For example, sumacs and California wild grape almost always turn red because red pigments are present and their leaf sap is acidic, While many of the oak and sometimes ashes will get a purplish color because the sap is less acidic. Trees like birch don’t have much orange pigment, so they appear mostly yellow in the fall. Others don’t have much yellow pigment and turn mostly orange or read. Some trees have a balance of pigments and look pinkish. The brown color or many oaks can be attributed to a buildup of tannins which is a waste product in the leaves.

So don’t miss out on Japanese maple season. You won’t regret getting a new one for your yard or patio.

Plant News You Can Use

A traditional apple like this Red Delicious might not fare as well in a warming climate.

A recent article in the New York Times caught my eye: Hot weather cherries, drought resistant melons and six other crops that are being developed or already in the market could change how we eat in a fast warming world. In the face of our erratic climate, floods and pests that farmers never used to worry about plant breeders are working to perfect varieties of fruit and vegetables that can thrive under these conditions. Solutions can come from research in molecular technology to mining the vast global collections of seeds that have been conserved for centuries. These new fruits and vegetables taste good, too. Here are just a few in the news.

In a warming climate, cherries are finding it harder to get enough chill hours during the winter and also handle hotter summers. Breeders have come up with the heart-shaped Cheery Cupid which handles these conditions and is also juicy and sweet. They will be available next season in North American markets.

Then there are two new melons – the Supermelon and Flavorific – with deeper root systems have been bred to handle drought my pulling more water from the soil. They can drink less. The melons are sweet, with dense flesh, and have just been made available to farmers.

If you like cauliflower there’s a new variety that won’t get sunburned in a warming climate. Now, farmers fold the leaves back over the white head or curd by hand about two weeks before harvest. It’s expensive and time consuming. Plant breeders developed the Destinica, a true white cauliflower. It’s already in supermarkets. Essentially, it doesn’t get sunburned and it’s easier on the soil because fewer workers walk the fields. The same developer has breed a white cabbage that requires less nitrogen and can thrive during prolonged dry periods.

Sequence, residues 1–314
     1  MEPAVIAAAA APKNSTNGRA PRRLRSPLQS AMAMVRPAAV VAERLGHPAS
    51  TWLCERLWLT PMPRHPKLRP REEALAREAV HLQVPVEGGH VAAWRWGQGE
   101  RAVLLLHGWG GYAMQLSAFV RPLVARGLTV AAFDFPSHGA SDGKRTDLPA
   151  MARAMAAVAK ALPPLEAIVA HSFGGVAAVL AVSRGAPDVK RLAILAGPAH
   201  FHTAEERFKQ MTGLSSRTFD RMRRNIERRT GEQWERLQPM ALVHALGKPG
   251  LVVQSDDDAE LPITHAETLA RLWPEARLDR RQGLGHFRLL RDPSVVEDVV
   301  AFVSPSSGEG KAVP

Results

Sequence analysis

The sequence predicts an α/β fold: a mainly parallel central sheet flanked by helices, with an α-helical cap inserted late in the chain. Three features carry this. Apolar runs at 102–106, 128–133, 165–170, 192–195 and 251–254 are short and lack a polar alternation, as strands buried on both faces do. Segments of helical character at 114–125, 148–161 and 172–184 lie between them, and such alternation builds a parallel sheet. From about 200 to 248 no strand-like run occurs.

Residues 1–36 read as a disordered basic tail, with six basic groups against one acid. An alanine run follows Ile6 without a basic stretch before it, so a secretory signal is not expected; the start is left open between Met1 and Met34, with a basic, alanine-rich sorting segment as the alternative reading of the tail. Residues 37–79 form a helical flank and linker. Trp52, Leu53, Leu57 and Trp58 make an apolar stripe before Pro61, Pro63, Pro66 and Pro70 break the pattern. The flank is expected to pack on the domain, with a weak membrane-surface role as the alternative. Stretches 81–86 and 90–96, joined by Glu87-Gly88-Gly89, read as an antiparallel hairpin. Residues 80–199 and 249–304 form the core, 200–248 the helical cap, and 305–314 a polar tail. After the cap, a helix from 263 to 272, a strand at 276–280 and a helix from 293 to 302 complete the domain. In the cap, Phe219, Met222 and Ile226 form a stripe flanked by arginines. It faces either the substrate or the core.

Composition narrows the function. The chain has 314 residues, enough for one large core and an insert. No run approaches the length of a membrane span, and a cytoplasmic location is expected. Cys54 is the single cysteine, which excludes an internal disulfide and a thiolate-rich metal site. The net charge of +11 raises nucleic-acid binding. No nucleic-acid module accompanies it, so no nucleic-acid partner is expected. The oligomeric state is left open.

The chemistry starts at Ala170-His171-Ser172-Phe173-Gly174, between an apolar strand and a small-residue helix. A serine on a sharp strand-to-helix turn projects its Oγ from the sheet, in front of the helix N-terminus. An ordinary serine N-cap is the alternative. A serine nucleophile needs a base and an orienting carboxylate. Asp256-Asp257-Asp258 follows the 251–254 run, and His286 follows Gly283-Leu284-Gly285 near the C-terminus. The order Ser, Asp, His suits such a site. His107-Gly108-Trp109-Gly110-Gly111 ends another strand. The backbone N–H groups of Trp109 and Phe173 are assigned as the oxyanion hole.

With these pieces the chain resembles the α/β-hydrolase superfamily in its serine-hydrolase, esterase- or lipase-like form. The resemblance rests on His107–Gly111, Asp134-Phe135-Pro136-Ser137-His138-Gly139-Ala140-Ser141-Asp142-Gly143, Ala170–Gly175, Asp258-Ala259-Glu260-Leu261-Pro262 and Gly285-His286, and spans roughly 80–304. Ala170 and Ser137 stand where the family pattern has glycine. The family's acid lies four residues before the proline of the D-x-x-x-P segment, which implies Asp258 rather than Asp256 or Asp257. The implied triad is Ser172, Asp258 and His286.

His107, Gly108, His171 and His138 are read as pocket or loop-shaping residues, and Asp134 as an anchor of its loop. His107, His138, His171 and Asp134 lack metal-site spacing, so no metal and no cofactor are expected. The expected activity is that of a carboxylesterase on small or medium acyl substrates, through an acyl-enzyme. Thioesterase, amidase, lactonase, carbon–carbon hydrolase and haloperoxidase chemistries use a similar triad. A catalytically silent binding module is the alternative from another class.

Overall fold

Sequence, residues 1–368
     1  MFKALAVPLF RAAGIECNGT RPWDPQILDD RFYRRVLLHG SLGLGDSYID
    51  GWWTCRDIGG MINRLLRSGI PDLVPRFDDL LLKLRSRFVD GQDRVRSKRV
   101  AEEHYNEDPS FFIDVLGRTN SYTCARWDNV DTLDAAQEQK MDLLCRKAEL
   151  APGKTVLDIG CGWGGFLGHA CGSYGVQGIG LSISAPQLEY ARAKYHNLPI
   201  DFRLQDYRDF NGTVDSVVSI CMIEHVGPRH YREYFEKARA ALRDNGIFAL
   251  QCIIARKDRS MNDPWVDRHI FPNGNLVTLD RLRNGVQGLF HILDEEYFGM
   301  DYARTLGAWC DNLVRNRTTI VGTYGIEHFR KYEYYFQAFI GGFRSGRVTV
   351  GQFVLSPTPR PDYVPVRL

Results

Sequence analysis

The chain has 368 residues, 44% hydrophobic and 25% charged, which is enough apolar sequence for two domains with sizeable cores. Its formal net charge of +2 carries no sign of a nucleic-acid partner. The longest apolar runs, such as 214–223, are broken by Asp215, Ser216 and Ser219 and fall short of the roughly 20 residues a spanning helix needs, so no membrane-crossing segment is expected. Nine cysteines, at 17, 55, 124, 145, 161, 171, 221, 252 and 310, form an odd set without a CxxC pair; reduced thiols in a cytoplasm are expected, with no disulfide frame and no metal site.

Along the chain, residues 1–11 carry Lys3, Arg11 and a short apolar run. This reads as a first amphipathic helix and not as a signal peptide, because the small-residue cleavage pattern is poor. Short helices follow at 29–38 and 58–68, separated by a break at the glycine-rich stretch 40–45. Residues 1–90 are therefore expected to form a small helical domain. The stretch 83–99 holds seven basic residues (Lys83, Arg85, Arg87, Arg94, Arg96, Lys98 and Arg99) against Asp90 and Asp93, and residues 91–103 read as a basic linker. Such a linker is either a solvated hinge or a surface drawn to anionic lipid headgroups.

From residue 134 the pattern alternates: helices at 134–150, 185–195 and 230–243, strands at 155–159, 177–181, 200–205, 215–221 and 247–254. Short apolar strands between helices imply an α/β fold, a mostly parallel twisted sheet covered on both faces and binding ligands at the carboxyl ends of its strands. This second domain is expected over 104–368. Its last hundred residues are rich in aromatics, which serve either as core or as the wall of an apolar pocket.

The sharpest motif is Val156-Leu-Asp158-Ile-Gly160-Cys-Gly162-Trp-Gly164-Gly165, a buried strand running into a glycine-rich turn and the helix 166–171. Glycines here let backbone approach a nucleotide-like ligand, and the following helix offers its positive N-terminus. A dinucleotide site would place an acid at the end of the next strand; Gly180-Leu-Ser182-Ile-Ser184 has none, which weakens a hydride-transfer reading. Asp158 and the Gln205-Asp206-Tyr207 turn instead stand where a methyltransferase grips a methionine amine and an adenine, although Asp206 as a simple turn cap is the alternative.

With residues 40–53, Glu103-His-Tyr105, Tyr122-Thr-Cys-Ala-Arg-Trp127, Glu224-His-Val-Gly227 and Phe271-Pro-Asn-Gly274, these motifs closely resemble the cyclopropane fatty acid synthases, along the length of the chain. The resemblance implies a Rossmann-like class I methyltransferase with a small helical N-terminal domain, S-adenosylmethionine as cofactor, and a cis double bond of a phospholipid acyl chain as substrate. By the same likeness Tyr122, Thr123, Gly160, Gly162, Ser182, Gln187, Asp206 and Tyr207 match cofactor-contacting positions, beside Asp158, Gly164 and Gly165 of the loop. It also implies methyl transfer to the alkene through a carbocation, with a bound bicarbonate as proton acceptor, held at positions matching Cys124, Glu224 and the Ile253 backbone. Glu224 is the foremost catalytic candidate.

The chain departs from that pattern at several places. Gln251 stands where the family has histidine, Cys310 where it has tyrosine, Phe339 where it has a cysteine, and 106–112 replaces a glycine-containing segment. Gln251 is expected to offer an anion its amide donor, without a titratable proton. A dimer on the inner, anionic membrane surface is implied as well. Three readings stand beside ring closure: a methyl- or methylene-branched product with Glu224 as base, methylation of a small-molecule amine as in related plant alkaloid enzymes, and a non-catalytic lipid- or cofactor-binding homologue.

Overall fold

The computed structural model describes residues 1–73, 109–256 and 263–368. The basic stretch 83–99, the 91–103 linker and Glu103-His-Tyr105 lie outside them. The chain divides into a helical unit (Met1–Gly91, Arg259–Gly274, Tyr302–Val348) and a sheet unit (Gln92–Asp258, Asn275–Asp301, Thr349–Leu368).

Breeding a new apple takes time. A horticulturist at Washington State University, Kate Evans, says twenty years is typical. Cosmic Crisp, an apple developed to grow well in the heat now grows on 21 million trees in Washington State.

Another promising new apple is the Tutti, a light crisp red apple being tested throughout Europe. A New Zealand company developed it to help Spanish farmers struggling with hotter temperatures.

We all love avocados. A new, more environmentally friendly avocado has been 50 years in the making. The Luna, which is nutty, smooth and perhaps a bit sweeter than the Haas, was developed by breeders at the University of California, Riverside which houses one of the world’s largest collections of avocado genetic material. The new trees are slender, shorter and have a smaller footprint. They use less water and produce more fruit on less land. They are also easier to harvest which saves labor costs.

Enter the potato. Potatoes like a constant, moderate supply of water and prefer cool weather, but the climate is changing so fast that researchers recently warned that the potato industry is in trouble. Researchers at the University of Maine are looking to South America, where potato cultivation began around 8,000 B.C. and to heat tolerant varieties in the American South for genetic traits that can help spuds survive excessive heat and floods.

Researchers are also exploring how to battle new waves of pests and disease that come with hotter, wetter growing conditions. One strategy being studied is breeding plants with hairier leaves which make it harder to insects to move through crops.

These are just some of the vegetables and fruits in our future.